Wine to China
Trends and opportunities
China is the world’s third largest market for imported wine behind the
United States and Germany.
Following several years of weak sales growth following a clampdown on
corruption, a consumption-led recovery has seen sales volumes recover
substantially since 2015.
Australia is China’s second largest supplier behind France. Australian
exports have performed strongly since the conclusion of the China Australia
Free Trade Agreement in December 2015.
Exports to China in FY 2016-17 were valued at A$543 million, a 38 per
cent increase over the previous year. During the same period, one out of
every four glasses of imported wine consumed in China was from Australia
(Source: UN Comtrade).
Trends and Opportunities
Chinese middle class consumers are the main market for higher value
Australian wines. Their importance lies in their long-term, stable
purchasing power, brand awareness and as opinion leaders.
Wine benefits from a market perception as being both sophisticated and
healthy– particularly as a substitute for hard liquor when consumed at
weddings and business functions. Consumption habits differ from region to
region. Generally speaking, consumers in north China prefer full-bodied and
higher alcohol content wines, while in south China lighter wines are
Red varieties continue to dominate both sales and exports. More than 96 per
cent of Australian table wine exported to China is red. Consumers in
coastal areas have a better palate for white wines to complement seafood
consumption. Total imports of sparkling wine declined between 2015 and
Two-thirds of wine in China is purchased on premise. In addition to fine
dining restaurants, premium imported wine is consumed in banquet halls,
hotels, VIP clubs and company canteens.
Shanghai has approximately 300 wine bars which feature extensive lists of
imported wine. Most second and third tier cities have networks of informal
wine clubs centred on the wines marketed by key local distributors.
Off trade channels include wine sold through social acquaintances, wine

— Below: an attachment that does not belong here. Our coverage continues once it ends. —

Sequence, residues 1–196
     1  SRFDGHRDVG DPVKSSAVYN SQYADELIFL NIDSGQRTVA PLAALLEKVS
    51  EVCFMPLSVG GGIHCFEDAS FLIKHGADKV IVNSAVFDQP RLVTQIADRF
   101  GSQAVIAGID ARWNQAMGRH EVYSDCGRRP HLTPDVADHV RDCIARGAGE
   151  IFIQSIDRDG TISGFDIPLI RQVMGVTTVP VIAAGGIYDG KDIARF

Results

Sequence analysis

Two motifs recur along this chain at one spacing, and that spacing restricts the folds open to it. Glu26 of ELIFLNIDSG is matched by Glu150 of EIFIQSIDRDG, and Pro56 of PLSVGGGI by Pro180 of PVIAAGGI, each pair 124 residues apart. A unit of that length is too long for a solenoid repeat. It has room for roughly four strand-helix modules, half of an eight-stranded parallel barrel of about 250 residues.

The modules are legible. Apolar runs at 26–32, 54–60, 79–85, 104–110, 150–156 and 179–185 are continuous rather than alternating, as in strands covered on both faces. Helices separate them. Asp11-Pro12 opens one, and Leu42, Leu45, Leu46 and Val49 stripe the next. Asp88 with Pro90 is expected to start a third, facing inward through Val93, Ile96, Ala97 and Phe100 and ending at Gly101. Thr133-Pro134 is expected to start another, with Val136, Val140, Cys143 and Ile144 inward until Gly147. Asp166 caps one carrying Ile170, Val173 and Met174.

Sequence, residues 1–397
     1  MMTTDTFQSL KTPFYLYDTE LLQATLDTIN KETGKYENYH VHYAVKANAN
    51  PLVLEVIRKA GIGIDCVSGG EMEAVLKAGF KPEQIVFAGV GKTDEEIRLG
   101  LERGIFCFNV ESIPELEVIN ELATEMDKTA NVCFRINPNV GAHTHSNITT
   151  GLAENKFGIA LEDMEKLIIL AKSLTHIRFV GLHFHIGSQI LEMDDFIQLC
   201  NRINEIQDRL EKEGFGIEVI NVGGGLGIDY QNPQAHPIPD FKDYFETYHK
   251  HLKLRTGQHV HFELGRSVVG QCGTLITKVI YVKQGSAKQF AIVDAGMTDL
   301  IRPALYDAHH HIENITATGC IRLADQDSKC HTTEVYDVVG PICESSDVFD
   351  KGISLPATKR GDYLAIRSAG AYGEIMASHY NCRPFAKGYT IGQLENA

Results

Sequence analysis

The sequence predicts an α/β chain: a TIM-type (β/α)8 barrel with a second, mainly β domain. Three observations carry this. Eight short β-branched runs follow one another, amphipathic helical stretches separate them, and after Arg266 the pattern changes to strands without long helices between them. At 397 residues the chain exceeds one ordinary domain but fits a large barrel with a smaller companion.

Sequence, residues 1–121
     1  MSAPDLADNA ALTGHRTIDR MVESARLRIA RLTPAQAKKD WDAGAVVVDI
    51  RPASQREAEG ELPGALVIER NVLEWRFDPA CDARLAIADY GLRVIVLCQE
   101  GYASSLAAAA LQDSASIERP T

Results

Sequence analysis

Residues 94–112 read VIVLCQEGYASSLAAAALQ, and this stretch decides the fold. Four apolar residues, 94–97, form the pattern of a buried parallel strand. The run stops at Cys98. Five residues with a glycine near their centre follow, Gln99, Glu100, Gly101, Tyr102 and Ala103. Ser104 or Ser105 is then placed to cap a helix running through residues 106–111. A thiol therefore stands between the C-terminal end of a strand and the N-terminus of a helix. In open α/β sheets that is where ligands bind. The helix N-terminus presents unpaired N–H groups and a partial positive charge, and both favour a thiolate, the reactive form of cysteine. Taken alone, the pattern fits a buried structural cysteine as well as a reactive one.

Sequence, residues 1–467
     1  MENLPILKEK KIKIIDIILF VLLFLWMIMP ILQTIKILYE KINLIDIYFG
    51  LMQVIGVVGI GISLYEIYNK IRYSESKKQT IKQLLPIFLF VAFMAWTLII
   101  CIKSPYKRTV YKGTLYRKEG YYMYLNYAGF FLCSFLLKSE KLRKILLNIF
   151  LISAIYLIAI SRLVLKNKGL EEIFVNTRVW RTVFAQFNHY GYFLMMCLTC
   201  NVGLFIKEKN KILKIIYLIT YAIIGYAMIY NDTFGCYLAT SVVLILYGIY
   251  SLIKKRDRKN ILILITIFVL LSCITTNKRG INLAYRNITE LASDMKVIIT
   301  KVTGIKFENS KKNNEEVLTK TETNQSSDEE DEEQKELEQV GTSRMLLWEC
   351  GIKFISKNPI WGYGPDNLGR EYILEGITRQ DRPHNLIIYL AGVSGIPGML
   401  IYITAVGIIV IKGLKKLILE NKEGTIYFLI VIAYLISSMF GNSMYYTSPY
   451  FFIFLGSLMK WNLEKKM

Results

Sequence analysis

stores, wine clubs, online retail and supermarkets. The best supermarket
sales for imported wines are priced between RMB60-180.
Online sales are popular among sophisticated wine consumers, especially for
well-known brands. Austrade estimates the online retail value of Australian
wine to exceed $67 million in 2016.
WeChat is a social media platforms used to promote and sell bottled wine.
Other major online platforms for wines and spirits include:
Competition is strong across all channels in China’s first tier cities
(Beijing, Shanghai, Guangzhou and Shenzhen). By comparison, China’s smaller
and regional cities offer more untapped opportunities.
Successful wineries demonstrate patience and professional service
(particularly through the hiring of a local business development manager to
support appointed distributors), while building brand awareness and a long
term strategy to develop the market with their Chinese partners.
Further useful information and events on marketing Australian wine in China
can be found on the
Tariffs, regulations and customs
Before considering any market entry strategy, an exporter is strongly
advised to register their trademark in China. IP Australia has published a
report on IP protection in China which can be downloaded
The China Australia Free Trade Agreement (ChAFTA) came into effect on 20
December 2015, and the existing tariffs on wine of 14 to 20 per cent will
be eliminated by 1 January 2019.
Value added tax and consumption tax also applies to the sale of wine in
For a full explanation of China’s import regulations, please visit
The Australian Trade and Investment Commission – Austrade – contributes to Australia's economic prosperity by helping Australian businesses, education institutions, tourism operators, governments and citizens as they:
- develop international markets
- win productive foreign direct investment
- promote international education
- strengthen Australia's tourism industry
- seek consular and passport services.
Working in partnership with Australian state and territory governments, Austrade provides information and advice that can help Australian companies reduce the time, cost and risk of exporting. We also administer the Export Market Development Grant Scheme and offer a range of services to Australian exporters in growth and emerging markets.
For more information on how Austrade can assist you, contact us on:
Australia ph: 13 28 78 | Email: firstname.lastname@example.org
A list of Austrade offices (in alphabetical order of country) is also available.